Proceeds will support financial aid. This year, 30% of the freshman class received some assistance, compared with 18% two years ago, said Loyola’s president, Father Gregory Goethals.

Other schools looking to expand their fundraising efforts are casting wider nets. The Webb Schools in Claremont are mounting a fundraising campaign that mirrors the international makeup of the institution’s student body. Fundraising events were recently held in Seoul and Hong Kong to help attract donations from alumni and parents in those cities, said Joe Woodward, Webb’s director of development.

The school’s main fundraising event -- this year titled “Disco Fever” -- was held Saturday at South Hills Country Club and included live and silent auctions.

Going off campus

Brentwood School is holding its annual auction at the Hollywood and Highland complex in May, featuring a disc jockey and food by Wolfgang Puck. The school estimates it will save about one-third of the costs by moving the event off campus and avoiding rent for lighting and heaters and kitchen facilities, said Mary Sidell, Brentwood’s director of institutional advancement.

Proceeds this year will go toward financial aid.

“We’re assuming not only will there be a need for new families, but we also want to try as best we can to address current families who may not have needed help before,” Sidell said. “If a family has been here for four or five years, they are our first loyalty.”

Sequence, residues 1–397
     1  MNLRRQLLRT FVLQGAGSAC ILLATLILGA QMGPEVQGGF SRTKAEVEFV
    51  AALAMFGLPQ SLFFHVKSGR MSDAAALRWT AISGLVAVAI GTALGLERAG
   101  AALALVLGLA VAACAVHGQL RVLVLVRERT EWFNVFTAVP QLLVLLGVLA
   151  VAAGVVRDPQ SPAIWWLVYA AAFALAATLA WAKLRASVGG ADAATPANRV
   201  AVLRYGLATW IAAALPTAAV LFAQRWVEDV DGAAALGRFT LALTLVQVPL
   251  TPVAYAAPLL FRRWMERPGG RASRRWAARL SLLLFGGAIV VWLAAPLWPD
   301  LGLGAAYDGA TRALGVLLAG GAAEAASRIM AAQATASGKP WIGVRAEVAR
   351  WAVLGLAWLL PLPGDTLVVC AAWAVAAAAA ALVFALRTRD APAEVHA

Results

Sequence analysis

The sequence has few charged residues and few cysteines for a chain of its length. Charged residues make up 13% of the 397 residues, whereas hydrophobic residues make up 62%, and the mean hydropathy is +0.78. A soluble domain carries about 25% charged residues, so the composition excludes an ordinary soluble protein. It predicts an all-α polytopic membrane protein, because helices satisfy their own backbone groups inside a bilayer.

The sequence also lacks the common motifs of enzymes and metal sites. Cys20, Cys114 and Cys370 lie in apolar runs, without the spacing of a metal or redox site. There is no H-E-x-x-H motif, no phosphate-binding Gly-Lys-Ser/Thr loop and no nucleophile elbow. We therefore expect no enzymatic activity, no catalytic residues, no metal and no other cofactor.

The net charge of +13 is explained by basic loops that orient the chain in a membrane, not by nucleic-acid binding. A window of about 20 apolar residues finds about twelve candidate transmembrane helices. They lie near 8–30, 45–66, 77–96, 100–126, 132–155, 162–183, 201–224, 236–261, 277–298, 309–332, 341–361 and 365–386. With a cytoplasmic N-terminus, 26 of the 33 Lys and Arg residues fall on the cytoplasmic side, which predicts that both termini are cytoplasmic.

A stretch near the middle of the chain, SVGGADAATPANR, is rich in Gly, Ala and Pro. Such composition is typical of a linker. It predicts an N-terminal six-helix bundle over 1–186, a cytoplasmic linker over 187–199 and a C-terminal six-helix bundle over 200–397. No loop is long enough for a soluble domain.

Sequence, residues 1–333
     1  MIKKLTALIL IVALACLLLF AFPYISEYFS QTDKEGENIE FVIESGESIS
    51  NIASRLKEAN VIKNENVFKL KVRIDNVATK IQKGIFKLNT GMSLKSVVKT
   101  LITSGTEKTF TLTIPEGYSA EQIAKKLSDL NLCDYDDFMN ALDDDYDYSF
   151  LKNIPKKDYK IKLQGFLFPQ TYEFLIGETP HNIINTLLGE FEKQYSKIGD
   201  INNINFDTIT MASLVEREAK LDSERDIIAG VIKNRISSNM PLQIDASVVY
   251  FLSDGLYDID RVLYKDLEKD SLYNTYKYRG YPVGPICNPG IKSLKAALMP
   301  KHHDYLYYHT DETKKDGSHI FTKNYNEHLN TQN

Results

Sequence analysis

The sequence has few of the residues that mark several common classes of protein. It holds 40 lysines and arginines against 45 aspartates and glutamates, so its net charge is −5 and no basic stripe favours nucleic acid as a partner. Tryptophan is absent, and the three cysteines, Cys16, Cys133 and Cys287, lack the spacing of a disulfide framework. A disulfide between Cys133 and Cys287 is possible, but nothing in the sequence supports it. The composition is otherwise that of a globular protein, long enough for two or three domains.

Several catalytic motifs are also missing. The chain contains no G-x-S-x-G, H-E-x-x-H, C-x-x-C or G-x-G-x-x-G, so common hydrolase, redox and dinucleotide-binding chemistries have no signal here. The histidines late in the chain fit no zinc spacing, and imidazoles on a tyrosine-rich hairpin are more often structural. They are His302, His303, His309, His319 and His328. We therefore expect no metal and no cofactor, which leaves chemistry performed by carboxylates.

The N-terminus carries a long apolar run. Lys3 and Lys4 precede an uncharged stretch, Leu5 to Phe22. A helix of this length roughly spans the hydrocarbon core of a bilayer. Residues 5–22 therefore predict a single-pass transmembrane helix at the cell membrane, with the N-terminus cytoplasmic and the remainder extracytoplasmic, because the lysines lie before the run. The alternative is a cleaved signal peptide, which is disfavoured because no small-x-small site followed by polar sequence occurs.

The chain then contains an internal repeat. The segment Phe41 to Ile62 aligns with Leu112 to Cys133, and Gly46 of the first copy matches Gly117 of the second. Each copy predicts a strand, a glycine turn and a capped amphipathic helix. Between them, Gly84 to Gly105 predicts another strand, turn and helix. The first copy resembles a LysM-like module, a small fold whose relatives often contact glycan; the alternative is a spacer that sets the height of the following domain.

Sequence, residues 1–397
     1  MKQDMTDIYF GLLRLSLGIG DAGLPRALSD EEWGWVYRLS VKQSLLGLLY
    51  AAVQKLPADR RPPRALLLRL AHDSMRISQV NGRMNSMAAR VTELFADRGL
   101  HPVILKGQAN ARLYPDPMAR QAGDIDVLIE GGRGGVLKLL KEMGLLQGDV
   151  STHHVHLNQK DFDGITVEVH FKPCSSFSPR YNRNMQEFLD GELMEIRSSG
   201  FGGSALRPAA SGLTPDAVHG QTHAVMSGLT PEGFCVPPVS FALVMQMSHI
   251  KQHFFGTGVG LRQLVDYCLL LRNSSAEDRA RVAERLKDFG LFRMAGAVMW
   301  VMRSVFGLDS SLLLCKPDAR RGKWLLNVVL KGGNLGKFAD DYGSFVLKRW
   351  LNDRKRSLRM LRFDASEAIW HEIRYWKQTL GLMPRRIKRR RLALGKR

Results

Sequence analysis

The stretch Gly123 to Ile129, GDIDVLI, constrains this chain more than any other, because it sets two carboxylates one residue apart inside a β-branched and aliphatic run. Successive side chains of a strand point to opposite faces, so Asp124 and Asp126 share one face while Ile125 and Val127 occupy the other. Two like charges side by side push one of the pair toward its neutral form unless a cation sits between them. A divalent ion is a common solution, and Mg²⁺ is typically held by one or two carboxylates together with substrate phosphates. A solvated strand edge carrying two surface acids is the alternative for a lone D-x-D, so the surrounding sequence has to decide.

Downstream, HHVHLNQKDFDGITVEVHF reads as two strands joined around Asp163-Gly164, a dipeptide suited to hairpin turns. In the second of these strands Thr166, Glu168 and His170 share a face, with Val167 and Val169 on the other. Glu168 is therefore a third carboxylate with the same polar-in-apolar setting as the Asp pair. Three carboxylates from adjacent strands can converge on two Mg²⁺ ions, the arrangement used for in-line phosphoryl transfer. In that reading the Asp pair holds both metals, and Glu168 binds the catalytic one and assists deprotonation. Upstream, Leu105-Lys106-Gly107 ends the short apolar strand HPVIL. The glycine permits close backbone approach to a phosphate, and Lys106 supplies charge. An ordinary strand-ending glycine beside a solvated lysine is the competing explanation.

The Windward School in West Los Angeles is staging a Caribbean Casino-themed event on May 2 at the Loews Santa Monica Beach Hotel. Tickets are $150, but this year families have the option of paying a reduced price. The event will include the ubiquitous auction, with bids beginning at $50 so that more families can participate.

Bringing it home

For the first time this year, the school will hold 12 individual parties, most of them hosted by parents at their homes. Each will focus on a different activity, such as learning to play mah-jongg, making the perfect pie crust, arranging flowers, tasting at the Rosenthal Winery in Malibu and privately touring the Autry Museum.

The proceeds from these parties will also be used for financial aid, said Lach Reed, Windward’s director of institutional advancement. “The school community,” Reed said, “recognizes the need to support our efforts. There’s a philosophical commitment to what the school stands for, and financial aid is a part of that.”

A growing practice at many schools is to solicit direct donations to cover student tuition. Loyola, for example, has more than 200 scholarships that are permanently endowed, adding nearly 20 just in the last year, Goethals said.

Orange County’s Sage Hill School created a scholarship program with the Tiger Woods Foundation that provides $100,000 ($25,000 annually for four years of tuition) for a needy student. Tuition at the campus this year is $27,000.

“The core of our foundation is to provide educational support for disadvantaged kids and give them an opportunity at a high caliber education,” said foundation President Greg McLaughlin. “Especially now, support for financial aid scholarships is very important for most private schools.”